Monday, June 9, 2003

Re-created sculpture honors Wrights

The Associated Press

DAYTON - A sculpture honoring Wilbur and Orville Wright will end up in a Dayton park later this month, but for now, it's sitting in a field 30 miles away.

The 24-foot "Goddess of Flight" no longer fits inside the studio of sculptor Mike Major, so he has moved it behind his home, a renovated 1800s church in the Champaign County village of Westville.

"She looks like she belongs here," Major said. "But she represents an important part of history and she's destined for greater things than my back field."

Later this month, crews will take apart the fiberglass-and-wood sculpture and take the 12 sections to Dayton, where it will be reassembled to join the living-history portion of the city's centennial celebration of the Wrights' first powered flight.

The flight took place Dec. 17, 1903, in Kitty Hawk, N.C. The Wrights designed the aircraft in their bicycle shop in Dayton and did most of their work afterward there.

The original sculpture was part of a 1909 parade and celebration honoring the Wrights, which will be re-enacted in July at Carillon Historical Park in Dayton. A lighted colonnade connected four "Goddess of Flight" sculptures along the city's main street, park spokeswoman Sharon Smith said.

The "Goddess," a toga-wrapped, 12-foot-tall figure with a billowing cape, encircles a globe in her left arm and holds aloft the Wright's airplane with the other.

The originals probably were made of plaster, Smith said. They were stored after the celebration and eventually lost. Researchers think they were destroyed in the devastating 1913 flood of the Great Miami River.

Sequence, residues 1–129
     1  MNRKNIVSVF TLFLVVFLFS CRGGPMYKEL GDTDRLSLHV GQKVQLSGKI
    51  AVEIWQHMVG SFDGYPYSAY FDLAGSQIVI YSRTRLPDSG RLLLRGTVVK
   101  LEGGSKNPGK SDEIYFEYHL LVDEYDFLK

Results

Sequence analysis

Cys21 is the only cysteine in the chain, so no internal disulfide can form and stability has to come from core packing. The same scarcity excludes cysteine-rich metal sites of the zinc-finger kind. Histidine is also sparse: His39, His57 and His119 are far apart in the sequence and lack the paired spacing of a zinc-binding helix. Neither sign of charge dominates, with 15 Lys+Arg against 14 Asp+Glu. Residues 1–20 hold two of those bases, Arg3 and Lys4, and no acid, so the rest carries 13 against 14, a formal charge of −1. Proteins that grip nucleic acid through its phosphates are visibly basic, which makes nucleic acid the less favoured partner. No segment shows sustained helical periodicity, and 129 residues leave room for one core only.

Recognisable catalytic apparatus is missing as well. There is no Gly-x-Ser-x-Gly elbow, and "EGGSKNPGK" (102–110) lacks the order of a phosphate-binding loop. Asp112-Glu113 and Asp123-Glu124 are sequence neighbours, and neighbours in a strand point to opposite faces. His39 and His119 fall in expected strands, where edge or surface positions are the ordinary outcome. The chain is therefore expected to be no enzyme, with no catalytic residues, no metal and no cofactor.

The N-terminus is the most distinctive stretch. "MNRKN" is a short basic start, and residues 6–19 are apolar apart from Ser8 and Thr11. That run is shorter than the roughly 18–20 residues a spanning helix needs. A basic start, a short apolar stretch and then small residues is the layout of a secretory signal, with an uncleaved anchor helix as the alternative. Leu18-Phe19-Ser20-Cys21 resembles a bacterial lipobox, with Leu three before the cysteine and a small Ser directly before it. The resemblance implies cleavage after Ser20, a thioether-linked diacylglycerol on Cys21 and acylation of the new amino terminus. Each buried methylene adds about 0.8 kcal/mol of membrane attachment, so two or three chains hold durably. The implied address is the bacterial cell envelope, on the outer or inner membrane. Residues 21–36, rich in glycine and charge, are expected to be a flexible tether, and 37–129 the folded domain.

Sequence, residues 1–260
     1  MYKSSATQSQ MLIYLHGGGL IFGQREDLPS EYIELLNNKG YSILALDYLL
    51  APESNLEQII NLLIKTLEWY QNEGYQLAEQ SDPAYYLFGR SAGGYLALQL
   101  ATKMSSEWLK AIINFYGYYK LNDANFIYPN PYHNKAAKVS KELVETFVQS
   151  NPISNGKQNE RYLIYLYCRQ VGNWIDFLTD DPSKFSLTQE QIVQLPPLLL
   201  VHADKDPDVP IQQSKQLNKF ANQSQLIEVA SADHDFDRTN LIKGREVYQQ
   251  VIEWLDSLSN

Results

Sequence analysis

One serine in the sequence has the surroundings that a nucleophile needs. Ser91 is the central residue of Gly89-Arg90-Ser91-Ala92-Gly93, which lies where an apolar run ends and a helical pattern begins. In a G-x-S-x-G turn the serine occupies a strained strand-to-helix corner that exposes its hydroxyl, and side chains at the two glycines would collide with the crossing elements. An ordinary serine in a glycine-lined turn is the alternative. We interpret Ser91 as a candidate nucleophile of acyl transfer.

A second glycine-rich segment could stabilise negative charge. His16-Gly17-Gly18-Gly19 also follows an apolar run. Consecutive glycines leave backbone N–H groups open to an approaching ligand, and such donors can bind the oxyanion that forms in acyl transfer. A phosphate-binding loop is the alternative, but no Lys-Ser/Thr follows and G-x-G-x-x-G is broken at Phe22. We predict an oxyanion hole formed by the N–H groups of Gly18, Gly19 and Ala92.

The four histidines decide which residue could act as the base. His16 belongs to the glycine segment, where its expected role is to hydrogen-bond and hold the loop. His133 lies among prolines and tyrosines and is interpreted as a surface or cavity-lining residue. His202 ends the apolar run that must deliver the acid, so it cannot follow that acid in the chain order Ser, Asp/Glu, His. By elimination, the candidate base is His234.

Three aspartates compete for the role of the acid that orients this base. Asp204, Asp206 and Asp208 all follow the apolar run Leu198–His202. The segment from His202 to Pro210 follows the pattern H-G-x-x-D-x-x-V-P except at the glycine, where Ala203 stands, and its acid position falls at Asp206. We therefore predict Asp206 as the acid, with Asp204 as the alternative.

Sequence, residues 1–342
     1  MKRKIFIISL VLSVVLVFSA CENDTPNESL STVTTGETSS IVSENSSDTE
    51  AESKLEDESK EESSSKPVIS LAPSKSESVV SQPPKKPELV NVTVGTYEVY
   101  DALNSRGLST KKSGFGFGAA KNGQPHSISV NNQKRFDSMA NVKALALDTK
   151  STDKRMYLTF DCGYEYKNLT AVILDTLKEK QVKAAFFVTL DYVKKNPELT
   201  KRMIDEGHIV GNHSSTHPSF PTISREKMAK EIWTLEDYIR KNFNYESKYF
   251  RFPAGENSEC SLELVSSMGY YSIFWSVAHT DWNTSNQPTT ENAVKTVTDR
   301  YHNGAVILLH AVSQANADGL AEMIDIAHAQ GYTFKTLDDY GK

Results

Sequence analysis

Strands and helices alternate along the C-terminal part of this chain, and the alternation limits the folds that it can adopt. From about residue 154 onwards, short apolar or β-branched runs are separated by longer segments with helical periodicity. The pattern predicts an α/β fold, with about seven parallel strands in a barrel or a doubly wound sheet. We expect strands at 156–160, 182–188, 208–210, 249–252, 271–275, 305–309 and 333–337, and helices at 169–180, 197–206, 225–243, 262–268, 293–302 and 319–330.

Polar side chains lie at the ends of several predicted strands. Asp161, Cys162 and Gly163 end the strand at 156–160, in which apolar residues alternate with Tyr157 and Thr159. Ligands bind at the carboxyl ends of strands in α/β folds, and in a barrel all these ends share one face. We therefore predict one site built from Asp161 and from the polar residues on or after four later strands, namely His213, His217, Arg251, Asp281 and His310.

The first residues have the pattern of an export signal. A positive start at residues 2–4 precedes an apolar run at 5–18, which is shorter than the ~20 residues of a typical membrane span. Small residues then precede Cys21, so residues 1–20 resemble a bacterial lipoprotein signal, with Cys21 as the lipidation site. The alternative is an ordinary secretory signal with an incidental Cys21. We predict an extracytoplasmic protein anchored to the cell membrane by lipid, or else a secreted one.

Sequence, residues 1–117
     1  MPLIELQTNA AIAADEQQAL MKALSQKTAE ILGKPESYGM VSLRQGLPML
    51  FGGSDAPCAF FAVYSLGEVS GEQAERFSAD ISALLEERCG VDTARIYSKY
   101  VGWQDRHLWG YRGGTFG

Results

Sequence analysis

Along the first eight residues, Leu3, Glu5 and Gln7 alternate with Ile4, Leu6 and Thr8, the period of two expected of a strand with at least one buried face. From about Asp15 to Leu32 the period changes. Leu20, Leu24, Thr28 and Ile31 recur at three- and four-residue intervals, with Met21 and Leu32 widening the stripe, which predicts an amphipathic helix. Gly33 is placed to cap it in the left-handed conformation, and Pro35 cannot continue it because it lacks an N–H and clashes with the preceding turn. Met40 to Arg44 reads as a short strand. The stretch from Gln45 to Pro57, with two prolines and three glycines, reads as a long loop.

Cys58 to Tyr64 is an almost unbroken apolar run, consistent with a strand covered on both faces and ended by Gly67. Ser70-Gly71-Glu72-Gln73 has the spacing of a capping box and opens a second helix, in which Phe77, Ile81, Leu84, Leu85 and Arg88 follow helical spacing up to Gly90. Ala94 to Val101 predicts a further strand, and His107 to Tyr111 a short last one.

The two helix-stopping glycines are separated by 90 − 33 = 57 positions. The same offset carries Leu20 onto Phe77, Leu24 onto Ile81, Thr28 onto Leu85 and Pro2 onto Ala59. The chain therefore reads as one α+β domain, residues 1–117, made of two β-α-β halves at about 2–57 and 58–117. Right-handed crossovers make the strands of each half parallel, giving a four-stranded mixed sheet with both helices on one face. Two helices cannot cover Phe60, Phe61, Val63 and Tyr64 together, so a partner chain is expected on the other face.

The park commissioned Major, 53, to re-create the sculpture. Starting in January, Major used a photograph from the parade to do the work. The replica, lighter and more weather-resistant than its predecessors, weighs 150 pounds.

City helped tame DOJ's fierceness
Change now the word at Fernald
Teachers retrace Underground Railroad
Reforms planned for private care
Storm injures several at concert

Cincinnati State faces tuition hike

Freedom subject of week-long talks
Tristate A.M. Report
Hometown Heroes: 'Quiet helper' aids multitude of causes
Obituary: Ronald Gratsch, musician, comedian
Good News: Toyota rewards service

Ohio Moments: 'Mother Bickerdyke' was heroine of war
Troopers get new white cars
Re-created sculpture honors Wrights
Program promotes college for Appalachians

Center to clarify breastfeeding rule
Space woes plague library branch
CROWLEY: Ky. treasurer one of '100 Dems to watch'
Ky. opening up to alcohol sales
Pills might have saved explorer
Around the Commonwealth

Belterra will apply to go 24/7
Falling revenue could cut paving

Young adults leaving town
Online Poll: Tell us what you think
Who is Gen X?
Groups of and for young adults
Young majority on council shifting city's focus

Modern technology spreads church's message
Monuments to be removed
Blue Ash abuzz with Airport Days
Downtown shops show promise
Patents a moneymaker for UC
Judges battle over misconduct claims
Graduation puts prank in the past

PULFER: Martha Stewart
RADEL: Ball park mustard
SMITH AMOS: Beyond bicycle theft
BRONSON: 'Aren't you Borgman?'
HOWARD: Some good news
CROWLEY: Ky. Politics

City's night life scrapes bottom
Reluctant juror wins day in appeals court
All-girls school graduating from tradition
Were sent back to death row
Loveland man's car now a movie star
Ruby: Easy to do business in Newport